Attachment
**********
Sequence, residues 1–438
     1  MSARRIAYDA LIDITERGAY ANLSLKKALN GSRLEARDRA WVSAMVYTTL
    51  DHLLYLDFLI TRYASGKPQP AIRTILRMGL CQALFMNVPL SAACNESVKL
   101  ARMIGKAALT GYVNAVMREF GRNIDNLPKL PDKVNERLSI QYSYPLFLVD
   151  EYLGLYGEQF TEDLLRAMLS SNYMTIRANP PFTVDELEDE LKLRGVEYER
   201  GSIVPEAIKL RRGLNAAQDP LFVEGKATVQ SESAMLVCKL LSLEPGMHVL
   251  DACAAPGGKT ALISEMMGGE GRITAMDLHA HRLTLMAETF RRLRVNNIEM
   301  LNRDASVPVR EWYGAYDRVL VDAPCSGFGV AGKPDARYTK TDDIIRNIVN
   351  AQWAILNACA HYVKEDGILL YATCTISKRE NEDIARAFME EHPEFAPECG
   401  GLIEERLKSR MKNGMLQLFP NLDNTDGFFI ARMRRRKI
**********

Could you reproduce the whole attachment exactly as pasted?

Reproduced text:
Sequence, residues 1–438
     1  MSARRIAYDA LIDITERGAY ANLSLKKALN GSRLEARDRA WVSAMVYTTL
    51  DHLLYLDFLI TRYASGKPQP AIRTILRMGL CQALFMNVPL SAACNESVKL
   101  ARMIGKAALT GYVNAVMREF GRNIDNLPKL PDKVNERLSI QYSYPLFLVD
   151  EYLGLYGEQF TEDLLRAMLS SNYMTIRANP PFTVDELEDE LKLRGVEYER
   201  GSIVPEAIKL RRGLNAAQDP LFVEGKATVQ SESAMLVCKL LSLEPGMHVL
   251  DACAAPGGKT ALISEMMGGE GRITAMDLHA HRLTLMAETF RRLRVNNIEM
   301  LNRDASVPVR EWYGAYDRVL VDAPCSGFGV AGKPDARYTK TDDIIRNIVN
   351  AQWAILNACA HYVKEDGILL YATCTISKRE NEDIARAFME EHPEFAPECG
   401  GLIEERLKSR MKNGMLQLFP NLDNTDGFFI ARMRRRKI